Comparing A&P by John Updike and Porphyria's Lover by Robert Browning

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Comparing A&P by John Updike and Porphyria's Lover by Robert Browning In John Updike's short story, "The A&P", he writes of an eighteen-year-old cashier who is infatuated with three girls that enter the store and in Robert Browning's poem, Porphyria's Lover, He writes of a man's intense passion for his lover. Even thought these two works are different in context, they have very striking similarities. Updike's narrating main character, Sammy, is plagued by middle class monotonous life style. He shows his possessive, but spontaneous side as he describes the girls in the story with great detail and enthusiasm. Browning's narrating main character, a man unnamed is plagued by his deeply devoted love for his mistress and their inability…show more content…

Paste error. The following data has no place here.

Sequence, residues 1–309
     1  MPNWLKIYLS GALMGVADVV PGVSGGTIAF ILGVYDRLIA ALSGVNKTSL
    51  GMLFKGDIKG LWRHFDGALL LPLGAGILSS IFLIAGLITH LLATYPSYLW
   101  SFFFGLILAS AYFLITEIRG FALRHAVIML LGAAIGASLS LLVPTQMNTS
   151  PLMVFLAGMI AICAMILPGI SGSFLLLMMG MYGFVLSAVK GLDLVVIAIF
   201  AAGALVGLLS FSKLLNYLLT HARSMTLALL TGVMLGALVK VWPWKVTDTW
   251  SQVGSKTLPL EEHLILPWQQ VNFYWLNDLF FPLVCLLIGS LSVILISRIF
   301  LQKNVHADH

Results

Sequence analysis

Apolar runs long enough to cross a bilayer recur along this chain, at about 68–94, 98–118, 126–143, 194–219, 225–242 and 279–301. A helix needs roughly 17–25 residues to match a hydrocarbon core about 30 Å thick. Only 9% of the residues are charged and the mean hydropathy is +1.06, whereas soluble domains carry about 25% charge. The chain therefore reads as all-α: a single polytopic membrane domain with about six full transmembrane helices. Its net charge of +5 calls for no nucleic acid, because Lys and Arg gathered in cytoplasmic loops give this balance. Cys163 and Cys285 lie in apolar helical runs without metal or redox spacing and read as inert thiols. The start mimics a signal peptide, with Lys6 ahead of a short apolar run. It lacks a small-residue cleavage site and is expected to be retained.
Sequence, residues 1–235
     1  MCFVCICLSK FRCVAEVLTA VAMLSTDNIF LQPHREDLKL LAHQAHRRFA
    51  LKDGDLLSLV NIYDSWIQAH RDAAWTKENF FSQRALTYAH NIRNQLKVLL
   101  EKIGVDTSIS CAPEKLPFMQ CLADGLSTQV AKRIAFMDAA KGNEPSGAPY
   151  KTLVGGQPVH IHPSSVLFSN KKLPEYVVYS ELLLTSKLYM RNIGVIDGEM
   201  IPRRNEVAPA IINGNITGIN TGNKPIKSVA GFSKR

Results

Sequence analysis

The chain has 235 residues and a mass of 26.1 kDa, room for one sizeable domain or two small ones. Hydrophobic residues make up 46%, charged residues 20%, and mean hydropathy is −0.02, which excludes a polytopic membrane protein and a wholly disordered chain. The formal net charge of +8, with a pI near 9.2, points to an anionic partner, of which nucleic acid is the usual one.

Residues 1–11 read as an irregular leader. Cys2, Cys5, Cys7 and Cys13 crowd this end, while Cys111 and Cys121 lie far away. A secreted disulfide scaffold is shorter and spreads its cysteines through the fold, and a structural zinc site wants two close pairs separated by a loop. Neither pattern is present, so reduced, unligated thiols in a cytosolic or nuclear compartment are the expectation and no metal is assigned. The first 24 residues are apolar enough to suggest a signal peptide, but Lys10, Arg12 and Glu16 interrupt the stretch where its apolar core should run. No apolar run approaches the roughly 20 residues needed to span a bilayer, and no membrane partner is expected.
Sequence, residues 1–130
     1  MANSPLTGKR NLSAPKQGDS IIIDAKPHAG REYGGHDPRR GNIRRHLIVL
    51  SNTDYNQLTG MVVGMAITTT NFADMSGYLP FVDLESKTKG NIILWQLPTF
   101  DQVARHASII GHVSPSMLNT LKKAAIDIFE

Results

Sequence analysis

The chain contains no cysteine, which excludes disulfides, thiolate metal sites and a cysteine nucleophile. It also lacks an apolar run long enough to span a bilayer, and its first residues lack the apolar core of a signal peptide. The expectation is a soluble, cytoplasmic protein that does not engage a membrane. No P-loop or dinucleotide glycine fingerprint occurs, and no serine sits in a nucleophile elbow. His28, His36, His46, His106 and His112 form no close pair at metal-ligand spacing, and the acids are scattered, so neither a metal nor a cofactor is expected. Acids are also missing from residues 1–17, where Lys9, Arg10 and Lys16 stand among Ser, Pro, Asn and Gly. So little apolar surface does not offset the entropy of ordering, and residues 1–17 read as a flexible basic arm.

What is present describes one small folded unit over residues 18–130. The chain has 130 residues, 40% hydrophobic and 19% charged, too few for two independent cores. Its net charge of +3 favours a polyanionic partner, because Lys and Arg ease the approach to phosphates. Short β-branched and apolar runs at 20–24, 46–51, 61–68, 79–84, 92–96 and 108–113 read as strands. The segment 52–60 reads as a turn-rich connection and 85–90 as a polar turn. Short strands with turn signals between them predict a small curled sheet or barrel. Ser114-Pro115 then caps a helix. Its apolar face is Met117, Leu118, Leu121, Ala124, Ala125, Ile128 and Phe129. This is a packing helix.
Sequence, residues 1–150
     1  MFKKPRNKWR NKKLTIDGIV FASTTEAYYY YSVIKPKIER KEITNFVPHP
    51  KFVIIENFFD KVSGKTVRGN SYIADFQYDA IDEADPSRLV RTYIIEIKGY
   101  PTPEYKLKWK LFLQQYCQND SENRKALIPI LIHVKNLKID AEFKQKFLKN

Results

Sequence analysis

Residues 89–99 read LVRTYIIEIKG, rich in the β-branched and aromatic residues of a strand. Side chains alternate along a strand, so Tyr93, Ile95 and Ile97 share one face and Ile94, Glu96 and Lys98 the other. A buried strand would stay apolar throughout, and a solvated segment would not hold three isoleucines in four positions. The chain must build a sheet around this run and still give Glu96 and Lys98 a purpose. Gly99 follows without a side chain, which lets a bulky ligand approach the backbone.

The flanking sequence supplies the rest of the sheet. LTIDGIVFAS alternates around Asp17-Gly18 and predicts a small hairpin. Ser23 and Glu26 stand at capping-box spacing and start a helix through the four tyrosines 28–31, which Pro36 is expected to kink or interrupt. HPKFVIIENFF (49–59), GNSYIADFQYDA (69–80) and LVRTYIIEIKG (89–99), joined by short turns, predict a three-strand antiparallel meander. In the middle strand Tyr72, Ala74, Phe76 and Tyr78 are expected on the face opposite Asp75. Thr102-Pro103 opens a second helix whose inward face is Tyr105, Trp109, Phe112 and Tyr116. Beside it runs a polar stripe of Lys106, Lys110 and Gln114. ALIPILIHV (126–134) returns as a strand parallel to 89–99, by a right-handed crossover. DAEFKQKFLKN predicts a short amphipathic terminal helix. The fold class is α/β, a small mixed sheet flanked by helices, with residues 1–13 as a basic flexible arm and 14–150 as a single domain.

He places himself in their living room as if to poke fun because his life is no better. The girls obviously have more class than anything in the store, and he is envious because he can not differentiate himself from the rest of the classless customers who frequent the store. Throughout the story, Sammy shows how boring and repetitive his life is, and seeing the girls enter the store is a refreshing sight. He refers to the customers as "Sheep" or women with numerous children and "varicose veins" covering there legs. He even refers to them as a "with "no eyebrows", who if was born earlier would have burned "over in Salem" . He sees these patrons as numbed into mechanical repletion, believing that if he set off dynamite that most of them would " keep reaching and checking oatmeal off their lists" as if nothing ever happened. Sammy is sickened at the loss of divergence of customers, and himself for the daily mind numbering repetitiveness that plagues everyday life at the A&P. His only liveliness at work is the song he hears when ringing out customers " hello there, you hap-py pee- pul". This song and the ability to dehumanizes his customers make Sammy's life seem a little bit better. The anger and disgust show how he views the pitiful town folk who waste their lives away as he does. Sammy shows the reader his domineering and perceptive side as his description of each girl borders on rude but comical. He is able to pick out the "

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